I looked around. “This is it?”

“No, but we’re going to have to walk the rest.”

“Never been much of a hiker.”

“Why am I not surprised?” He pulled something out of his jacket that looked like a personal organizer with a fat slug lying on the top.


He nodded. “I want to be able to find our way back.”

He logged the car’s position and pointed up the rise. The view was the same as we’d had all afternoon, except now there was no road. “Let’s get going.”

We followed the remainder of the track until it petered out around the back of the hill, and then walked out into nothing. Behind the hill was another, the far slope of which led down into a shallow canyon. We made our way down, mist settling around us, and up out the other side. Then it was pretty flat for quite a while. There were no trees. The
ground was hard and rocky and bare except for tufts of the yellowish grass and more of the pale blue-green ground shrubs. Walking made a sound like someone eating Doritos with their mouth shut.

Zandt kicked at a plant. “What is this stuff?”

“Sagebrush, I’m assuming. Though to be honest I know shit about high plains flora.”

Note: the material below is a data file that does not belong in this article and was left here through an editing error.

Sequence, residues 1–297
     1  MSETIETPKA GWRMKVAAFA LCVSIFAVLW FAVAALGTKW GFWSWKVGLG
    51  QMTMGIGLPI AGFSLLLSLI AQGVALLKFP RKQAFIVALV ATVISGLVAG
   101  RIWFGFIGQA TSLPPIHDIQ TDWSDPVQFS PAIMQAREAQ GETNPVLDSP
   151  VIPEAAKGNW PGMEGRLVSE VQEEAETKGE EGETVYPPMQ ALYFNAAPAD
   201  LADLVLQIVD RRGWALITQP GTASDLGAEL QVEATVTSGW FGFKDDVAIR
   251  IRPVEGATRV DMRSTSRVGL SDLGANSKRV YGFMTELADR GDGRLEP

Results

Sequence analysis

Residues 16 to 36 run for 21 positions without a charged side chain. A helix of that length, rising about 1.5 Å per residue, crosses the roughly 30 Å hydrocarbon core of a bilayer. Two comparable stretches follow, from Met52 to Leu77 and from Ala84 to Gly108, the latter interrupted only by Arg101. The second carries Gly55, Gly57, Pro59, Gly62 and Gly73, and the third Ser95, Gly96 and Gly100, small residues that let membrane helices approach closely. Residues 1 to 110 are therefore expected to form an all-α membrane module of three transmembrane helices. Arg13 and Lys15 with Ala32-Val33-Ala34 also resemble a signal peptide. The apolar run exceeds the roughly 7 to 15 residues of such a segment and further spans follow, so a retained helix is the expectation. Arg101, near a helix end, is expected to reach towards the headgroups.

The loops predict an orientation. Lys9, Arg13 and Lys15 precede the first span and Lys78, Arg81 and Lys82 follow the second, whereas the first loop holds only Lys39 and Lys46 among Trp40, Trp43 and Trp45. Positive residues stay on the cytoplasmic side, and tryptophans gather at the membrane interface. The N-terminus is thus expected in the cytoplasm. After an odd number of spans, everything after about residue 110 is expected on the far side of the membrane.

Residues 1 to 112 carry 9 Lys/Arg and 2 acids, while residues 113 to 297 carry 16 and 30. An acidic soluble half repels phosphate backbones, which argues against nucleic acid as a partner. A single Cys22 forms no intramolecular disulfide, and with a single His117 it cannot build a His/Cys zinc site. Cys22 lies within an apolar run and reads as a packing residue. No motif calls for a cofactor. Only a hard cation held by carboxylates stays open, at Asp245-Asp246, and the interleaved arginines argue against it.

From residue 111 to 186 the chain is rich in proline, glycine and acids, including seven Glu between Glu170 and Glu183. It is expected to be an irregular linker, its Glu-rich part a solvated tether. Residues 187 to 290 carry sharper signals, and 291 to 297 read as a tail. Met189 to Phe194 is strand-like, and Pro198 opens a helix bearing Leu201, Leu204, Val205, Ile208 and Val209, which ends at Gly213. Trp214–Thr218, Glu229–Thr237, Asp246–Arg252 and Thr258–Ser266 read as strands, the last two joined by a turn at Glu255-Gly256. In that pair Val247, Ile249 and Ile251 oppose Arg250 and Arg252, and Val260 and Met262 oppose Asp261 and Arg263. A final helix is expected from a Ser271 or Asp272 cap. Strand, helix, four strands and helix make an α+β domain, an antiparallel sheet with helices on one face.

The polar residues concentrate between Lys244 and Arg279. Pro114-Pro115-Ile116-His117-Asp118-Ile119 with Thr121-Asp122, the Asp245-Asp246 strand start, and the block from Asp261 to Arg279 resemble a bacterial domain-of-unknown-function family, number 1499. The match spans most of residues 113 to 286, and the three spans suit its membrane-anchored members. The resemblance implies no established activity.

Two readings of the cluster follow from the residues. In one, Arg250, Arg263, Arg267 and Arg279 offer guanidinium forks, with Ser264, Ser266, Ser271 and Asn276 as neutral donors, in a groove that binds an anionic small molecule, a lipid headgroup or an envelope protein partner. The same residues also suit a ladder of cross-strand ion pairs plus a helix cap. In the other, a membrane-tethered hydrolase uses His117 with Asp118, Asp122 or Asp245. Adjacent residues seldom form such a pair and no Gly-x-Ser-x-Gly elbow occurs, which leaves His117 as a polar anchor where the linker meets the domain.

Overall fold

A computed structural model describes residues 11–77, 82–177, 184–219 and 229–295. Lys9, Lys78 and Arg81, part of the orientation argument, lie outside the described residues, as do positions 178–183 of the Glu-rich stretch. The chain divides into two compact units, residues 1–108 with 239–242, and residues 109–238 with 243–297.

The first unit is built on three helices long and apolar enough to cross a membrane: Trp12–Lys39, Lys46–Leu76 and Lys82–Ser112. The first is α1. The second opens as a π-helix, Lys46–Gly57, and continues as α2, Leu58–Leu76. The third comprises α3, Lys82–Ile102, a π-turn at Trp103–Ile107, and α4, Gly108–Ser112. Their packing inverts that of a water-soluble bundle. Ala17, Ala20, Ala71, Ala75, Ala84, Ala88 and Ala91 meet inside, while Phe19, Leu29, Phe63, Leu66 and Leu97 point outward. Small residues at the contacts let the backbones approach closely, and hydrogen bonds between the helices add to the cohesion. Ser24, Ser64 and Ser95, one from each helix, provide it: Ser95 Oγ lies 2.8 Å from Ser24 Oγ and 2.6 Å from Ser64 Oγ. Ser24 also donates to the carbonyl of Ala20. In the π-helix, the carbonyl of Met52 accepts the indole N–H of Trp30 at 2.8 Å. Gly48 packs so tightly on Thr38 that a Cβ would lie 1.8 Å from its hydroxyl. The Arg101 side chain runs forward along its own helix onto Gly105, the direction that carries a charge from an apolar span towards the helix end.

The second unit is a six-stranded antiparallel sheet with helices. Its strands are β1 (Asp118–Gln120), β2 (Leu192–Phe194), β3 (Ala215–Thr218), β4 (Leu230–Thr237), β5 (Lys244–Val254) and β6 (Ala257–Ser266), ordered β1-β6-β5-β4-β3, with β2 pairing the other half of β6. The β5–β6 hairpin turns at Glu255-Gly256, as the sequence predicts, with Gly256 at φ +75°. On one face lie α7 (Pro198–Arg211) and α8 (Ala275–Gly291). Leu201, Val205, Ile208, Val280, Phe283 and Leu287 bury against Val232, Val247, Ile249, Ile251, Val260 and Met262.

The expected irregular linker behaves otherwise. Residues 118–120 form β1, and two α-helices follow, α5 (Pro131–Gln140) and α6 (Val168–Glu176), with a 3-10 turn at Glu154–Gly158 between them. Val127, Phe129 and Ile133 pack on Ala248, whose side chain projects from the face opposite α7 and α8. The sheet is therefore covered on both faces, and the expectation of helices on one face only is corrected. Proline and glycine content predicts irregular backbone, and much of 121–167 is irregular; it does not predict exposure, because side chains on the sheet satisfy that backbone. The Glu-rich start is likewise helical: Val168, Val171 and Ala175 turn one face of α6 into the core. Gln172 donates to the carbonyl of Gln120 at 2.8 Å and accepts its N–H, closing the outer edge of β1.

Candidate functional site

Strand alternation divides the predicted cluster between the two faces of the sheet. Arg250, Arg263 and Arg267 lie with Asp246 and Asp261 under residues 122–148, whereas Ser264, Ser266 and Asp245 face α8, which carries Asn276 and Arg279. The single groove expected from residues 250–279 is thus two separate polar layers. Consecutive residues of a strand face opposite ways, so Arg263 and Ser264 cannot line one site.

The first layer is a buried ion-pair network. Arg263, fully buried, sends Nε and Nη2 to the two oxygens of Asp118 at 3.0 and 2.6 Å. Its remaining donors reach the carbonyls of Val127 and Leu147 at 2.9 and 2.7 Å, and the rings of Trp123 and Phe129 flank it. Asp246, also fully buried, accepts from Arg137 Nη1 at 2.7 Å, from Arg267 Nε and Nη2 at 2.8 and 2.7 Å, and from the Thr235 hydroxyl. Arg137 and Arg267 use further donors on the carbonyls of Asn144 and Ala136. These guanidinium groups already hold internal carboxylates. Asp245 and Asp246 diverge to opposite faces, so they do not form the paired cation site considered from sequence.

“Fucking pain in the ass to walk through.”

“It surely is.”

We kept on walking, clouds gathering around us until we couldn’t see more than thirty yards in any direction. John consulted his satellite positioning gadget every now and then, but this didn’t feel like a place that had destinations. It was dry and cold, not bitter, but with the kind of steady chill that makes it hard to remember being any other way. I tried to imagine people living out here once, and couldn’t. It must have been long ago. The land felt like it didn’t want anyone bothering it anymore.

After a good while I looked at my watch. It was after four o’clock, and the light was beginning to turn. A sly wind began to pick up. The sun was a silver coin in the mist, hazy and starting to tarnish.

“I know,” John said, before I’d even spoken. “The mark on the map is all I have. We’re there, or thereabouts.”

“We’re aren’t anywhere,” I said. “I’ve never seen a place that is so not somewhere in my entire life.”

We kept on walking nonetheless. The mist got thicker, sometimes a gray blanket, every now and then suddenly hollowing out to form a hidden inner channel that caused the sun to make it glow from within like a golden vision. We found ourselves walking along a low crest, the foot of another hill rising like a gray-green sand dune ten yards to the right; the lip of a canyon over on the left.